Game name (and type): 'British Bulldog' (chasing game)
Alternative types: running game

Handwritten description of the chasing game 'British Bulldog' written for Dr Dorothy Howard by Barry Powell, a student at Double View Government Primary School, presumably on 25 March 1955. Powell describes 'British Bulldogs' as a rough game usually played by boys, which any number can play. He writes that a large, grassy area is preferable as it lessens the chance of injury during falls. To play, a captain selects a 'he-man', the chaser, while the other players line up against a wall. 'He-man' calls out the names of players, who must try to reach the opposite end of the field without being caught. Powell notes that captured players assist 'he-man' to catch other players, noting that the game often results in brawls as children try to avoid 'he-man' and his assistants.

One of a collection of letters describing a children's games written to children's Folklorist Dorothy Howard between 1954 and 1955. Dr Howard came to Australia in 1954-55 as an American Fulbright scholar to study Australian children's folklore. She travelled across Australia for 10 months collecting children's playground rhymes, games, play artefacts, etc. This letter, together with the other original fieldwork collected by Dr Howard during this period, is preserved in the Dorothy Howard Collection manuscript files, part of the Australian Children's Folklore Collection (ACFC), Archive Series 3. The ACFC is an extensive collection documenting children's folklore and related research.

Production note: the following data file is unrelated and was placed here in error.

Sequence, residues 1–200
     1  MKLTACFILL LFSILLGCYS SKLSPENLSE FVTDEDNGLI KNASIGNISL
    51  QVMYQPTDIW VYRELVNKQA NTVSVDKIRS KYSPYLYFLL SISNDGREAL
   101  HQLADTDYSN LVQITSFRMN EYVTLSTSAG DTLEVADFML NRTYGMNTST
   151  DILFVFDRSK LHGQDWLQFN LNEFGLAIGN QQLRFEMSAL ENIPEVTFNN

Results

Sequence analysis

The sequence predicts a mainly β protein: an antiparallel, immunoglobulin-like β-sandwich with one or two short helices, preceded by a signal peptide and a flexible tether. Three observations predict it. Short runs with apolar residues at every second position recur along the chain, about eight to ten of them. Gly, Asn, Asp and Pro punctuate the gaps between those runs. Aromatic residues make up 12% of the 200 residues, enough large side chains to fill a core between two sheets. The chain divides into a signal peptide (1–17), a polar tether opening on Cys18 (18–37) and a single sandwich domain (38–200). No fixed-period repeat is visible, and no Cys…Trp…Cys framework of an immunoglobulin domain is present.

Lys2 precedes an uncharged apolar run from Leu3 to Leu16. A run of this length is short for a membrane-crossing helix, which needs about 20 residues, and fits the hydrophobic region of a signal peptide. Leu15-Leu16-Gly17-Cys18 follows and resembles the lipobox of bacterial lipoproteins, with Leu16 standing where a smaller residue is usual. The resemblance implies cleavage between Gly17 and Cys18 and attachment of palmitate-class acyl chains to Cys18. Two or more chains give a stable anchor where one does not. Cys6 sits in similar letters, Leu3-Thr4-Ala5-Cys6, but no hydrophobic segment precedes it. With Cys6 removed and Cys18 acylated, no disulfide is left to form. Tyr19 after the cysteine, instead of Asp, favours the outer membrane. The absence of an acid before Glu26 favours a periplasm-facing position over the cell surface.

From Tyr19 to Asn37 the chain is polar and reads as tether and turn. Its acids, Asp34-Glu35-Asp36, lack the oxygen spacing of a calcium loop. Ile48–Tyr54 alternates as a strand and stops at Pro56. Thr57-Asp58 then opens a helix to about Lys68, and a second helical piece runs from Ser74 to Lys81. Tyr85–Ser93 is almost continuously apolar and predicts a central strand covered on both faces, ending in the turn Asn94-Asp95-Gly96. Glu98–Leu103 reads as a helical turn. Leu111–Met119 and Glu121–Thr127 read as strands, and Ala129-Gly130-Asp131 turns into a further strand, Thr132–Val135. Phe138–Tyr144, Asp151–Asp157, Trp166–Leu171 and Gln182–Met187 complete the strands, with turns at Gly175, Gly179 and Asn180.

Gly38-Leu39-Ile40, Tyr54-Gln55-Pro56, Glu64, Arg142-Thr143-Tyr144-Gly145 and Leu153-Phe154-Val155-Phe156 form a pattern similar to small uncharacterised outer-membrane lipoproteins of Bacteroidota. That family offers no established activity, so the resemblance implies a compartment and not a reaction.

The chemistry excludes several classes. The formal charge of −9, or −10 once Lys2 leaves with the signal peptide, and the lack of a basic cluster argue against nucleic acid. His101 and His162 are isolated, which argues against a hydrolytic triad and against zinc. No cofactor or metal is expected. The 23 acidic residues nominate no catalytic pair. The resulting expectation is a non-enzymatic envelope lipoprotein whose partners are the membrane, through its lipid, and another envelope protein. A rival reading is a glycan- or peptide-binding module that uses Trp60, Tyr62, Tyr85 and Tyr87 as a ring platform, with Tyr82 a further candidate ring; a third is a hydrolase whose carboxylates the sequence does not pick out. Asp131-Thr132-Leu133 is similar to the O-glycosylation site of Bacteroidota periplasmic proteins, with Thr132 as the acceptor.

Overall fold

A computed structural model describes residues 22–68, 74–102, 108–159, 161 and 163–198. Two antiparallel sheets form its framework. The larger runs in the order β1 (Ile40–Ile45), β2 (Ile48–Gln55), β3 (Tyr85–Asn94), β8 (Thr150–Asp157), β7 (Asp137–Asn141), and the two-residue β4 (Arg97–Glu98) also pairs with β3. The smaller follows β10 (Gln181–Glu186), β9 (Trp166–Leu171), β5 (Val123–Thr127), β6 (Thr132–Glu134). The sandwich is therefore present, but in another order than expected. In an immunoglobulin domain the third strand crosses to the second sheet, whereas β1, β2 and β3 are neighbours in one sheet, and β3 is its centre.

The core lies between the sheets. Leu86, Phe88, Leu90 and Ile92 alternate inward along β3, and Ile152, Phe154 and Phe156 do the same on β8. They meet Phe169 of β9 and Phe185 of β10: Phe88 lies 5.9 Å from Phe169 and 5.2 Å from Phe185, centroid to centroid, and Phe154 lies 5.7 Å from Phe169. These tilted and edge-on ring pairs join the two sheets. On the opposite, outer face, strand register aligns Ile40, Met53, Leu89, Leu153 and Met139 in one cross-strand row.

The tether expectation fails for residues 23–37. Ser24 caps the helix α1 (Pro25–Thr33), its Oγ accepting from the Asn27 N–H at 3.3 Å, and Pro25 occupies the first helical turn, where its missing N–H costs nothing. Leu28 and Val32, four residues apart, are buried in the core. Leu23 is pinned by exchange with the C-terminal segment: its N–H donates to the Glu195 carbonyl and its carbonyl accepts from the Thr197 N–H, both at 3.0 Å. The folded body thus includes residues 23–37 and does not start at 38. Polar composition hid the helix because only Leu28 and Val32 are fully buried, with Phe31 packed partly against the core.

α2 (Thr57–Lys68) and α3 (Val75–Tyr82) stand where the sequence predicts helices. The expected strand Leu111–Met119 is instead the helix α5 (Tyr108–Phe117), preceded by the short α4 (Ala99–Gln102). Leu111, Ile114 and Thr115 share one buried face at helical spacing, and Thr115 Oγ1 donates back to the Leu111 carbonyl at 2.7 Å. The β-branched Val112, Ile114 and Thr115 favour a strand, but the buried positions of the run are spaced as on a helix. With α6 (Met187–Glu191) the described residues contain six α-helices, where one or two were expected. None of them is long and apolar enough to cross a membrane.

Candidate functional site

Physical Description

Handwritten game description in black ink on lined paper. Comprises two sheets featuring borders ruled in red pencil; text printed on one side only.

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